The commanding officer of the Alberta RCMP says they are future-focussed and flexible, changing as the safety and security needs of Albertans change.
He also says its budget and staffing levels are determined by the Alberta government, and that its provincial policing priorities are developed with the province's oversight and approval.
Last night, Deputy Commissioner Curtis Zablocki issued a statement in response to the release of the Alberta government's proposed police deployment model should a provincial police force be established.
Zablocki says the proposed framework appears to be very similar to the current model of the Alberta RCMP and that they will be reviewing and analyzing the report in detail.
"Modernizing our force, leveraging technology, and finding new ways of delivering our services more efficiently, combined with collaboration and input from our partners on all levels, drives how we adapt to the needs of the citizens we serve, and respond to modern-day threats and social factors within the province," he states.
He says the community safety and well-being branch that was stood up earlier this year is just one example of how the RCMP are constantly adjusting our service to meet the demands of Albertans.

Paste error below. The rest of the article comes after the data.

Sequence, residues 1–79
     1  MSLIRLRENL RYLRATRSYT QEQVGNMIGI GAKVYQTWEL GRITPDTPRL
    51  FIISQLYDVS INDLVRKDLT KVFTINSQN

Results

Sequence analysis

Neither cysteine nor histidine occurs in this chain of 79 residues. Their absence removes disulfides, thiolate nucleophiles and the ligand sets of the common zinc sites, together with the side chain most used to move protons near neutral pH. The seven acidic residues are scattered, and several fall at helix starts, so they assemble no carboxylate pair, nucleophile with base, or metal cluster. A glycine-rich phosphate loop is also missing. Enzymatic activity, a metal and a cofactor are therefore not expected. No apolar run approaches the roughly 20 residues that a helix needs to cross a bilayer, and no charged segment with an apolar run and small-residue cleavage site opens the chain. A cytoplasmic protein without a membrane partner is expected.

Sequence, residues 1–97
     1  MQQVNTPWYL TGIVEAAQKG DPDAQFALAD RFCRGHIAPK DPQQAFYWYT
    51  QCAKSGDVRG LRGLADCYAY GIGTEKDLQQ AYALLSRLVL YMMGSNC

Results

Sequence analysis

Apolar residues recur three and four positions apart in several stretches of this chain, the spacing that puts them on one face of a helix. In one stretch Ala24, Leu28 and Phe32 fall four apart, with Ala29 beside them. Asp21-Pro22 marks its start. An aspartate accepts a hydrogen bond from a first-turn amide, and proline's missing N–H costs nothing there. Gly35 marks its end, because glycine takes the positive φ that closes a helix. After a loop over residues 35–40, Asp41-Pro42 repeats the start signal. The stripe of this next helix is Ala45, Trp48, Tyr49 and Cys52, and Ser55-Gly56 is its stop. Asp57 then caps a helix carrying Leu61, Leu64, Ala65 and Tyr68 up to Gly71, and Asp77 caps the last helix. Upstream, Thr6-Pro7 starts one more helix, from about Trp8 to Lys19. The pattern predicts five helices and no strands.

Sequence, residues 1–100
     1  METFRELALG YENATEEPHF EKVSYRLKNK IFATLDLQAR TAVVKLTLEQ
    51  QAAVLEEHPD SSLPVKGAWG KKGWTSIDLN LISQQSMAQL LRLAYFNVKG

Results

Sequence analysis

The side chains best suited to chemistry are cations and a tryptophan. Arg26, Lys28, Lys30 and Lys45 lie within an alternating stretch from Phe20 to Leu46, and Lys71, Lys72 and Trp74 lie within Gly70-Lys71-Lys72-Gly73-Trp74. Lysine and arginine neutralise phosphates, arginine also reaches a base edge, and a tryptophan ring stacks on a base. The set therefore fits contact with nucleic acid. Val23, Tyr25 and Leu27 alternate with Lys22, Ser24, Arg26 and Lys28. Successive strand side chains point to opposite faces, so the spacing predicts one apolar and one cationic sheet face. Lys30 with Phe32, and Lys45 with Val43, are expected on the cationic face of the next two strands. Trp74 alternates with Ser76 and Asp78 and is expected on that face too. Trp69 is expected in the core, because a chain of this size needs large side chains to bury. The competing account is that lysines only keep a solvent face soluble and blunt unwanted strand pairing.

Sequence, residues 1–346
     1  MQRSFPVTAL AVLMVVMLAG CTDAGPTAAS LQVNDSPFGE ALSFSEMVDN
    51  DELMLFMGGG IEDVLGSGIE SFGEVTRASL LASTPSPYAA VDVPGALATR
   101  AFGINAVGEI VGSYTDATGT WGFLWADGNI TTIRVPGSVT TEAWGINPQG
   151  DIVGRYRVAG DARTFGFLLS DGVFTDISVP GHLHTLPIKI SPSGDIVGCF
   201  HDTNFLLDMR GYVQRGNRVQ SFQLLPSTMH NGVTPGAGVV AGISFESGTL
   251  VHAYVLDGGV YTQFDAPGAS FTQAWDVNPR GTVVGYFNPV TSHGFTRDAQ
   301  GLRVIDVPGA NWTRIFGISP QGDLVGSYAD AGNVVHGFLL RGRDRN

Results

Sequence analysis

"The Alberta RCMP have always been willing to work alongside the Government of Alberta to ensure transparency and accountability in our service delivery. Our budget and staffing levels are determined by the Government of Alberta, the provincial policing priorities are developed with their oversight and approval, and we report on strategic and budget performance measurements on a regular basis."
He says they have open communications and consultation with community leaders and municipal and First Nations organizations.
Additionally, "the Interim Police Advisory Board and Albertans have positioned the Alberta RCMP to continue responding and evolving as a police service. I am grateful for our continued ability to collaborate and work together to address the needs of communities and citizens."
Deputy Commissioner Zablocki says their employees are skilled police professionals, trained to the highest standards based upon over a century of rural policing lessons.
"In addition to these frontline policing skills, our specialized services, including units such as police dog services, forensic identification, and emergency response teams are leaders in their fields, know the geographical realities of Alberta, and are strategically positioned throughout the province.
Yesterday, Alberta Justice minister and Solicitor General Tyler Shandro released a proposed deployment model for a provincial police force. He says it will put more officers into communities, including lesser populated areas, in part by reducing the size of the RCMP's administrative bureaucracy.
Shandro says the one-size-fits-all model of RCMP community policing has stifled policing reform for decades and that the province wants more say.